‘Crash course’ on ethics for budding docs begins at DMCH



Even though the medical education department has not been able to complete the MBBS admission process ahead of the academic session that was to begin on August 1, a foundation course commenced on Monday for newly admitted students at Darbhanga Medical College and Hospital (DMCH).

With only 86 students admitted  so far, DMCH has not started regular classes, but has asked these students to sit together with the faculty members for the specially designed crash course. 

The MBBS seats at DMCH was increased to 120 after the union ministry of health and family welfare gave its nod for additional 20 seats to accommodate students under 10% quota for the economically weaker section (EWS) in general category.

As per the Medical Council of India (MCI) guidelines, before commencement of classes for the new batch, a one-month foundation course was to be rolled out on August 1. 

According to DMCH principal Dr H N Jha, the foundation course is part of the new curriculum and is compulsory for all MBBS students across the country. The change in syllabus had to be made, as it brings attention to issues such as ethics and humanity. As of now, the duration of the 12-month first year MBBS course has increased to 13 months, with a month especially earmarked for the foundation course.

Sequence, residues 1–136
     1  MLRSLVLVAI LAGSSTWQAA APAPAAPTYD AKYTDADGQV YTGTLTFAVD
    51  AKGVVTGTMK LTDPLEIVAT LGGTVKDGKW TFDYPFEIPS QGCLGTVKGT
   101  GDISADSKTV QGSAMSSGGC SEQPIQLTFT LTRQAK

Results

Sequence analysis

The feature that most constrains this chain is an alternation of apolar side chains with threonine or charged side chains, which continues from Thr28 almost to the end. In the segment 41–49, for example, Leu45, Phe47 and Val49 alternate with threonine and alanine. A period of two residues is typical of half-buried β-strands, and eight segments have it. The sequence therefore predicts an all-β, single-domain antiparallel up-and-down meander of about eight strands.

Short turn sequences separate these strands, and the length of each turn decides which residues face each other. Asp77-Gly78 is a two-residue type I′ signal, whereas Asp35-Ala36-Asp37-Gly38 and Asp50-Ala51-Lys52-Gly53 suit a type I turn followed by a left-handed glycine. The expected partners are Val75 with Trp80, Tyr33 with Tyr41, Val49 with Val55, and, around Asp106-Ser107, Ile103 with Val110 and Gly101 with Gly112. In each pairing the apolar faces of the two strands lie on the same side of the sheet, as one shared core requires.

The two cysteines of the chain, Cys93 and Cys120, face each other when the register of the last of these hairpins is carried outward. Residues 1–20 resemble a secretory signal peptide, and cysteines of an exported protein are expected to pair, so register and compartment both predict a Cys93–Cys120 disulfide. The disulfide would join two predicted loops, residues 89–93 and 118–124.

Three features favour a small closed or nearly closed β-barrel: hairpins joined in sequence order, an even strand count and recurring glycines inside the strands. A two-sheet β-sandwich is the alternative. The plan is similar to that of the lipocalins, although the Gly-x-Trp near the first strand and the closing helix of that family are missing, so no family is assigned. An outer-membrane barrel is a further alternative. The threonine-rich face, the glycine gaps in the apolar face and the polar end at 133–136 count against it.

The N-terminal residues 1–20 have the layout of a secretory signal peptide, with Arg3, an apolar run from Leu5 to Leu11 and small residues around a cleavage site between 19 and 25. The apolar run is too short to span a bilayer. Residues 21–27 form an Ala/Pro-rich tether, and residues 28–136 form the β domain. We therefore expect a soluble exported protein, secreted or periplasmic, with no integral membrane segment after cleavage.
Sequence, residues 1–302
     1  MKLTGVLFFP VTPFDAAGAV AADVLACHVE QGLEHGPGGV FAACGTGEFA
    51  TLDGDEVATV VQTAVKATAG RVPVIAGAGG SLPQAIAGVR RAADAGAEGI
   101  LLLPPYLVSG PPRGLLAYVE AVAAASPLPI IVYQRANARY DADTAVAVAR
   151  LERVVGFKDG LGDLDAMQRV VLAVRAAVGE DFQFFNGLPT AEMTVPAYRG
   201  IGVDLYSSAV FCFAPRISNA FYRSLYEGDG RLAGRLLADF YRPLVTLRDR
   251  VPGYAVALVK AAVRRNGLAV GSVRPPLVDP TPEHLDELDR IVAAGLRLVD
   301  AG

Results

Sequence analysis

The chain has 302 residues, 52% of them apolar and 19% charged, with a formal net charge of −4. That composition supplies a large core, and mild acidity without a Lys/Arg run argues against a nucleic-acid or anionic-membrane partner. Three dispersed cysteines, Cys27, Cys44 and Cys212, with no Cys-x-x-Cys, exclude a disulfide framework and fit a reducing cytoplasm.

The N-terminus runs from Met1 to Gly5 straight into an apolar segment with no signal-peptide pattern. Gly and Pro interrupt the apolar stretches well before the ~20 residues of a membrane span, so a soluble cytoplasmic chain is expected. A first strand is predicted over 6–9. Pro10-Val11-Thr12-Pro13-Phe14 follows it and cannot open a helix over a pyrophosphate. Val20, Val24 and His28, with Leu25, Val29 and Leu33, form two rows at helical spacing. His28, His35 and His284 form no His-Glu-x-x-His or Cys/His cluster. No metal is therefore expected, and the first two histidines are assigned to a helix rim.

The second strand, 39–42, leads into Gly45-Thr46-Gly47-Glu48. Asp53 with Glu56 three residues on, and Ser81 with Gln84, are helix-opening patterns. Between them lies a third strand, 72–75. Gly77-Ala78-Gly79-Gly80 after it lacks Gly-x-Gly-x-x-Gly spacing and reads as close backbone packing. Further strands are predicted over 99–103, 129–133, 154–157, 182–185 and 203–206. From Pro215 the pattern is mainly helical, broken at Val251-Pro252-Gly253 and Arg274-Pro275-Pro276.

“We could not start the foundation course on August 1 with just a few students on the roll, so we had to wait till  an impressive number of students were admitted. Hence, the one-month duration course was finally compressed into  a fortnight-long schedule”, said the principal 

‘A foundation course for first year MBBS students was conceived by MCI  with an objective to equip a medical graduate with attitude, ethics and communication competencies’, said program co-coordinator and medical officer of the paediatric department, Dr Om Prakash.

 The foundation course will delve into medical ethics, professionalism, communication skills, stress management, interpersonal relationships, gender sensitivity, self-care and awareness against ragging. Presentations, group activities, sports and hospital visits are part of the agenda.

“For years, MBBS courses have started with anatomy lectures on day one. This is the first time that the entry-level curriculum would be something different,” a doctor pointed out.

“We cannot change students’ outlook as soon as they join MBBS. But through the introductory course, we can definitely aim to make the students feel at home to a certain extent,” he said.

First Published:
Aug 20, 2019 13:38 IST

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